How to Remove Mildew From Carpet
By Steve Gillman
If you smell it you've got it, and it can be difficult to
completely remove mildew from carpet. In fact, if it has been
there for a while and the carpet has remained damp, it may be
cheaper to buy new carpeting. But even then you will have some
serious disinfecting to do, so let's look at what can be done.
To start with mildew is actually a catch-all word that refers
to several kinds of molds or fungi. Molds in general can be killed
in a variety of ways. The bad news is that most of these ways
do not work well on carpet. You can't pour bleach on carpet or
expose the backside to direct sunlight.
Mild Cases of Mildew in Carpet
There are mildew or mold spores in the air almost everywhere,
and if the conditions are right they settle in and multiply.
So, for example, if you have carpet that remains damp or wet
for more than 24 to 48 hours, you might have some serious mildew
growth. The first point, then, is to dry carpet as quickly as
possible when it gets wet.
But what if you do your best and the carpet still has a bit
of odor? You might remove the odor with baking soda. Sprinkle
some on the carpet and let it sit for a while. Then vacuum it
up. Some of the sprinkle-and-vacuum deodorizing products might
work as well. However, you probably will not be killing the mildew,
so even if you remove the worst of the odor you will need to
keep the carpeting very dry to prevent any further growth.
Another option is an ozone shock treatment, which can be done
by some professional carpet cleaners. They may also have other
treatments for both killing the mildew and reducing or eliminating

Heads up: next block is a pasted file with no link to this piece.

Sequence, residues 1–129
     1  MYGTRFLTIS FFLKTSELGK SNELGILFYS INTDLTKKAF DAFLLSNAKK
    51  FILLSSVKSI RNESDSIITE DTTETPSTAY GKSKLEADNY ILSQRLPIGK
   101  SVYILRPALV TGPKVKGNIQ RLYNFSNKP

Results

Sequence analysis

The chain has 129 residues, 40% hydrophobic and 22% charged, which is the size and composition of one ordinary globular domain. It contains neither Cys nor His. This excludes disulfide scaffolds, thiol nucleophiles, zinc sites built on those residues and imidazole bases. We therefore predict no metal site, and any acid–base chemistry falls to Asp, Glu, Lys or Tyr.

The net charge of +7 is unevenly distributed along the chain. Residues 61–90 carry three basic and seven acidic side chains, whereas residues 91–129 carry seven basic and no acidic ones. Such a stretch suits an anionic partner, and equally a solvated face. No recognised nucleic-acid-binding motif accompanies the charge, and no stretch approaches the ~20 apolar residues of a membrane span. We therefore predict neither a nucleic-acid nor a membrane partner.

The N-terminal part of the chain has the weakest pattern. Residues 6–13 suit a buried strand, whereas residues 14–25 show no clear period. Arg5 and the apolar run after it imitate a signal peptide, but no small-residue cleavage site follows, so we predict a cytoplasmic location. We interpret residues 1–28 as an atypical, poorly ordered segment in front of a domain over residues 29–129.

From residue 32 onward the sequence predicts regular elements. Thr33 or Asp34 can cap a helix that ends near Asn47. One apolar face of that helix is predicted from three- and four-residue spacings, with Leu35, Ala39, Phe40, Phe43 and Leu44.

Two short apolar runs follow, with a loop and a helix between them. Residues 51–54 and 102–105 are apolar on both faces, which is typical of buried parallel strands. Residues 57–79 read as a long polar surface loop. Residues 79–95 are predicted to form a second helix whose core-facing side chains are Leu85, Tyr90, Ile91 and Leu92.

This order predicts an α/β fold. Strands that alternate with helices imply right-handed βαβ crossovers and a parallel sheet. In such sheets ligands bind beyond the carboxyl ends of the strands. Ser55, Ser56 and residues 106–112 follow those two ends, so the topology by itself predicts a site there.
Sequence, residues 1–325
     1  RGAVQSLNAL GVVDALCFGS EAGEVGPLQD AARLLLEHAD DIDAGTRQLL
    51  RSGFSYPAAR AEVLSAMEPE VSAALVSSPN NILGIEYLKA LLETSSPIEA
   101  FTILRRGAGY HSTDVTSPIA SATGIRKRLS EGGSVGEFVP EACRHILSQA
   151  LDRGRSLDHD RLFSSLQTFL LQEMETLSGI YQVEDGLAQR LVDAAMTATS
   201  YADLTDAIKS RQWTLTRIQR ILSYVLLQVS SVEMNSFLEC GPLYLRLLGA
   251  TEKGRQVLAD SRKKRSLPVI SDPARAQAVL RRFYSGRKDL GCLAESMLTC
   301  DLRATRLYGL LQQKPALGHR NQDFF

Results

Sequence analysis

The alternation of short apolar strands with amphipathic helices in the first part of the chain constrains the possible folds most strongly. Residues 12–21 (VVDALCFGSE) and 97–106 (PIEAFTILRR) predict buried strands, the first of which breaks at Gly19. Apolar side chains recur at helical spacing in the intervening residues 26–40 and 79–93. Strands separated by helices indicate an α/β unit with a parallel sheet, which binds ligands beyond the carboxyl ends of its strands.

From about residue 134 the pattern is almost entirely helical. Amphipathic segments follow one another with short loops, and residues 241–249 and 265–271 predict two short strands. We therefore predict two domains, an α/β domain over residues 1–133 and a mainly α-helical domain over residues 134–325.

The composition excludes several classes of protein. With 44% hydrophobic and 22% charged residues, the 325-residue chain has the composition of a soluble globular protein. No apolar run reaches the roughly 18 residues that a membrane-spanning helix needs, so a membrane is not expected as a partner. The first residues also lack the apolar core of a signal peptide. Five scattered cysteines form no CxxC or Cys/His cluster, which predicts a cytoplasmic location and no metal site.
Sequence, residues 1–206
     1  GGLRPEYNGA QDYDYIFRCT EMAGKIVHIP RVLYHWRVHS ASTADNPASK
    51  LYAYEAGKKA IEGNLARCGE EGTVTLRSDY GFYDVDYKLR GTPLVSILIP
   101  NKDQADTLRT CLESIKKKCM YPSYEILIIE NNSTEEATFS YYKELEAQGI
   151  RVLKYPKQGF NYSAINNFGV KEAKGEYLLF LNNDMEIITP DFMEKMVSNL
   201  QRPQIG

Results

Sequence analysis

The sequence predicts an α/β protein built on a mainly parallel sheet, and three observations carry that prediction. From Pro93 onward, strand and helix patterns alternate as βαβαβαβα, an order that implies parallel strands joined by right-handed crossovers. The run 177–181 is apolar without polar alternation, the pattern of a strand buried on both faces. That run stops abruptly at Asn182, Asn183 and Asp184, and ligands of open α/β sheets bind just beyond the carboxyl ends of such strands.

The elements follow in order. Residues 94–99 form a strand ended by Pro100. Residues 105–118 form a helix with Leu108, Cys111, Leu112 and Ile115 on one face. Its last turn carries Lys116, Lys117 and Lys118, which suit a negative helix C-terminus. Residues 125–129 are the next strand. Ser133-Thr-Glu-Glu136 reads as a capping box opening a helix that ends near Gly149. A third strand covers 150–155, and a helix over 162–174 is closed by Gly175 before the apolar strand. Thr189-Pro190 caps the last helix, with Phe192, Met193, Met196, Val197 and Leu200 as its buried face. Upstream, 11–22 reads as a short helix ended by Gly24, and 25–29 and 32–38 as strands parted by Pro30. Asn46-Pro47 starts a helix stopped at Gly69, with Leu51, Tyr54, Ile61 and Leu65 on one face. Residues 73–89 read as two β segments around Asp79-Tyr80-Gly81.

More Severe Cases
If you have a carpet that is very moldy, it will often be
much cheaper to just have it removed and replaced. The floor
underneath should be thoroughly treated before installation of
the new carpet (and if wet carpet is a recurring problem for
some reason you might consider putting down tile instead). Some
people will claim you can remove the pad underneath, disinfect
the floor, treat the existing carpet, and then reinstall it with
a new pad. As you can imagine, this can be expensive, which is
why you might want to just start fresh.
If you have a flooded floor it is important that you act quickly.
If you wait more than two days it may be too late to remove mildew
from carpet. Generally you need to have professional help in
any case. Usually the pad will be discarded and replaced with
a new one, the subfloor will be treated, and the carpet reinstalled.
It must be dried fast, and you cannot extract enough water with
small cleaning units, so call a professional cleaner. Also, you
will need to run dehumidifiers for a couple days to complete
the process, and the ones designed for personal home use are
not powerful enough.
Note: If the damage is from a natural event, like a storm
that breaks a window and allows rain into the house, your homeowner's
insurance might pay for the treatment or replacement of your
carpet. Be sure to call and ask before you try anything on your
There are some things you can do to prevent mold in general
in your home and carpet. These include allowing air and sun in
as much as possible, and otherwise keeping humidity levels as
low as you can. If you have a very damp room, like in a basement,
a dehumidifier is a good idea. There are also air purifiers which
emit ozone and run the air through UV light--both of which are
known to kill mold and mildew spores.
Since you might not be able to remove mildew completely from
carpet once it has colonized it, you might want to prevent it
to the extent possible.
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